On the personal life side, for the rest of June and possibly even July, my life is going to get extremely busy.  Due to my husband’s job, it’s not something I can talk about online and will never be able too.  I will still work regularly at my running store job but will be doing a lot more again outside of that. I don’t like vague blogging, but saying “I’m busy” will have to suffice.  ETA: I’m excited about this change and no one is forcing me to do anything.   

That being said, this summer probably won’t be the summer of hard training.  I won’t say definitely not, but I doubt I will train and run hard. It will make my running blog more boring because I’ll be running and racing far less (if any).  Heck, I don’t even have children or pets to talk about. I’ll run when I have time, but with the summer heat, my only time might be a quick hour in the middle of the day (in that case, I won’t run or run on the antigravity treadmill).   If I’m going to run on a treadmill at all, might as well as be in style right?

For the first time in a while, I am 100% okay with not training seriously.  Six months ago if I had been thrown the same situation, I would have begun to stress out with cramming runs into that situation.  Right now, I’m okay with not getting into serious training right now.

Below is last week of running.  It doesn’t feel like a lot but to be honest, it’s probably the most I’ll log outdoors for a while.

Monday: Easy 5 miles
Tuesday: OFF
Wednesday: Easy 5 miles
Thursday: Easy 5 miles
Friday: Easy 5 miles
Saturday: OFF
Sunday: Easy 5 miles

Total: 25 miles

So yes that was a lot of life updates.  If you just scrolled to the bottom: you missed that I’m backing off running seriously for a while, ran 25 miles last week, and going to be busy for the next 2 months.  I’ll still blog and I’ll still run but probably nothing more than 5-6 miles and minimal if any racing.

Posts from the Week:

The Importance of Easing Back into Training

HT 3.9 (26:12) miler Race Recap

Questions for you:

Are you training for anything?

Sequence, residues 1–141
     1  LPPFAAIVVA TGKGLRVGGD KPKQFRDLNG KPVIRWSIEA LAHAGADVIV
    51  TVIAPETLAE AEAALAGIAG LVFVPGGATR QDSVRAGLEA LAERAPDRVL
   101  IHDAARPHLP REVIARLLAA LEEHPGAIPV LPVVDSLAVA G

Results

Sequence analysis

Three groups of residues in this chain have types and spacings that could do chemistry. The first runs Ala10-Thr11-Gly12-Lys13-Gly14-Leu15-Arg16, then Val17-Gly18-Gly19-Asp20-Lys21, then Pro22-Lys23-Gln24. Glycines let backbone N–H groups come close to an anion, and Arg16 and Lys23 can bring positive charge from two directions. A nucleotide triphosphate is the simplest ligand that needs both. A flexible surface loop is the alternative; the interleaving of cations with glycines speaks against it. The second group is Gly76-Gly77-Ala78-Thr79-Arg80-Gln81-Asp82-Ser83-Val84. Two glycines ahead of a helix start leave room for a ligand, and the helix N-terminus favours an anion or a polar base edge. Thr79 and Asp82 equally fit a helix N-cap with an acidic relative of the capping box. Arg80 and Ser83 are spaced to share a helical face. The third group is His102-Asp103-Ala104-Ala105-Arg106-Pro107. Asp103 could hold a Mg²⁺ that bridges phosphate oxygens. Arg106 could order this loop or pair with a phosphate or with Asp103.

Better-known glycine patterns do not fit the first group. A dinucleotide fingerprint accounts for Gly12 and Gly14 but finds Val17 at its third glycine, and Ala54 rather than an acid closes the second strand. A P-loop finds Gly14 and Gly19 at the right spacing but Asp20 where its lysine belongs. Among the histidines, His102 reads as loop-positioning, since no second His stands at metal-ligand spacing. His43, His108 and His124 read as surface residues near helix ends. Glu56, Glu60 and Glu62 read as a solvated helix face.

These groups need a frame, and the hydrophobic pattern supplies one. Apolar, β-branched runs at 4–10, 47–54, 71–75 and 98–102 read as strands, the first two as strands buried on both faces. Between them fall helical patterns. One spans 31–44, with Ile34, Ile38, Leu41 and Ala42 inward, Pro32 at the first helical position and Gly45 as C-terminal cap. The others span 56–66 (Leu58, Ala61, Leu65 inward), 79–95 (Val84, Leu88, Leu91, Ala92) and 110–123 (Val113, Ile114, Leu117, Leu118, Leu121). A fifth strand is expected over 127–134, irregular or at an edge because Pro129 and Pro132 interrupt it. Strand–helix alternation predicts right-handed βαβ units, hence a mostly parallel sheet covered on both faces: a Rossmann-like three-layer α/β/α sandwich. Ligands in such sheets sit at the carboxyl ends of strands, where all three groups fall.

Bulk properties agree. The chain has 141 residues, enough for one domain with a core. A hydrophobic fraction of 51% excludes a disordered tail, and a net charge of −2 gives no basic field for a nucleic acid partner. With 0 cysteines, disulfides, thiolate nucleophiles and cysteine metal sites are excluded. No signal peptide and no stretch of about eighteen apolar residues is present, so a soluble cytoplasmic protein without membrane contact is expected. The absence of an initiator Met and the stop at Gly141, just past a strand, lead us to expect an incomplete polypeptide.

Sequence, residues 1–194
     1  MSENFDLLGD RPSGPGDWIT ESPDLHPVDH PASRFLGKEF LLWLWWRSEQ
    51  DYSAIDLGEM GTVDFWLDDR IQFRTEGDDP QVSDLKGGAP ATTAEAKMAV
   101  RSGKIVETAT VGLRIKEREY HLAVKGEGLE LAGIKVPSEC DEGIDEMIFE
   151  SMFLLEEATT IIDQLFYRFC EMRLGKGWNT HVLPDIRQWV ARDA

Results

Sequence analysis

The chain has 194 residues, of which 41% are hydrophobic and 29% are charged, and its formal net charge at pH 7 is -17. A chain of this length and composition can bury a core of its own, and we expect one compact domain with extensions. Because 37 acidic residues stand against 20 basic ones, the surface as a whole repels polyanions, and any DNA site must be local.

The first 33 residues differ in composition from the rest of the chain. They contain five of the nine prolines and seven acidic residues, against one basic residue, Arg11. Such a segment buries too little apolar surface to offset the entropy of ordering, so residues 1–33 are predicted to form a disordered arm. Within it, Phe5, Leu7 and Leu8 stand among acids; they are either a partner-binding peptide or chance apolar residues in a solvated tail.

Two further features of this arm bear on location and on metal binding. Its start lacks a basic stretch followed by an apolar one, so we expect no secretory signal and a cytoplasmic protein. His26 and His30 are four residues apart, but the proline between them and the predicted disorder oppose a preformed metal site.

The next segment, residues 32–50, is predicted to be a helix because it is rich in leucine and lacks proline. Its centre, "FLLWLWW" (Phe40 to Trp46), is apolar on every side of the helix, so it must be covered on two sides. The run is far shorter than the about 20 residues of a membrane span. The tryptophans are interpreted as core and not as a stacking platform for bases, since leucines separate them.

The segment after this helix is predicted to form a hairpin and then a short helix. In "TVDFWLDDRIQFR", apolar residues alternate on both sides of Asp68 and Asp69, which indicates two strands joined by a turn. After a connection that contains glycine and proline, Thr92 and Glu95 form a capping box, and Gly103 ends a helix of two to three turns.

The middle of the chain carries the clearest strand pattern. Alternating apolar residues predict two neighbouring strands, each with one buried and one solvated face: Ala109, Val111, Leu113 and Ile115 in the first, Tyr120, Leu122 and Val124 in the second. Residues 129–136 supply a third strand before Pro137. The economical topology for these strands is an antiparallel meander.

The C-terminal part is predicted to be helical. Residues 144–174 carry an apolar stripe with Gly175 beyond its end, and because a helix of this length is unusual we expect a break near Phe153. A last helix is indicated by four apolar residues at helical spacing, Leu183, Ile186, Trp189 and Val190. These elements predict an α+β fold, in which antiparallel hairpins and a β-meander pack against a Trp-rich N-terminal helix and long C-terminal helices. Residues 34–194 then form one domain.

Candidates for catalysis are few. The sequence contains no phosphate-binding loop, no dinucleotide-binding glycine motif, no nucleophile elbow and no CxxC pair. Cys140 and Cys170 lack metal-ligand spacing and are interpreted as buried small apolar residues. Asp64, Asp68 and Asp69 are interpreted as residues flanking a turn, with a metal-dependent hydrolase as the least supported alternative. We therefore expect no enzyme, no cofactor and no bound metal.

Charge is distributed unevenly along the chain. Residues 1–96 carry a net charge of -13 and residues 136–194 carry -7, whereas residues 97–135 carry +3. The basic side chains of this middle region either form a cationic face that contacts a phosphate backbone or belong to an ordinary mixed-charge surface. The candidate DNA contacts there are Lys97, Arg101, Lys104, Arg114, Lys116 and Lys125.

When is your favorite time to run?

Training: April

It’s hard to believe April has already flown by.  Regarding running, April started off ok then progressively went downhill, and ended up that needed and wanted a full break from running.

april fools half marathon atlantic city me running

Miles Run: 228
Range of Paces: 5:54-10:04-untimed
Races: 3
Workouts: 4
Rest Days: 9 (and counting)
Longest Run: Atlantic City Half Marathon
Shortest Run: 2 miles 

Races:
Phillies 5k (18:32)
Clean Air 5kish
April Fools Half Marathon (1:26.17)

Favorite Race:
Phillies 5k
phillies 5k win

Favorite Workout:
None

Thoughts:
The month of April started off well.  Even though I didn’t PR at the Phillies 5k, I ran moderately well.  It was by far my favorite race.

As the month continued, I became more and more burnt out from running.  It wasn’t just April that burnt me out but training over the last 6.  After Atlantic City on April 23rd, I decided to take rest and rebuild my mental attitude.  I don’t hate running, but I wasn’t enjoying it as much, and I never broke through my plateau.

Thanks to my friend Paul for these photos

May:
I don’t know what May will bring.  I hope I’ll be ready to run again.  While I haven’t run or really worked out since last weekend but I do plan to do more cross training and get back to the gym.

Running Posts from April:
Running Related Posts
How to Prepare for Running in the Heat
Should You Wear Running Shoes Outside of Running?
How to Transition into Minimalist Running Shoes

Shoe Reviews:
Asics Nimbus 19 Shoe Review
Brooks Glycerin 14 Shoe Review

Questions for you:

How was your month of training?

What is your favorite cross training activity?

Running Related Posts

Running Related Posts

Recently a reader sent an email and asked if I could put together a list of articles I’ve written recently about running shoes and training.  Thinking out loud, none of the articles are “new”, but it makes a lot of sense to have them all compiled into one spot.

Instead of doing a Running Store post this week, I thought I would get all of the posts together in one spot.  As always, if you have a question about shoes, the running store, or anything else feel free to ask.  I’m not an expert or professional but I do like running and working in a running store.

Recent Shoe Reviews:

Adidas Energy Boost
Adidas Supernova

Asics Nimbus 19

Brooks Ghost 9
Brooks Glycerin 14
Brooks Launch 4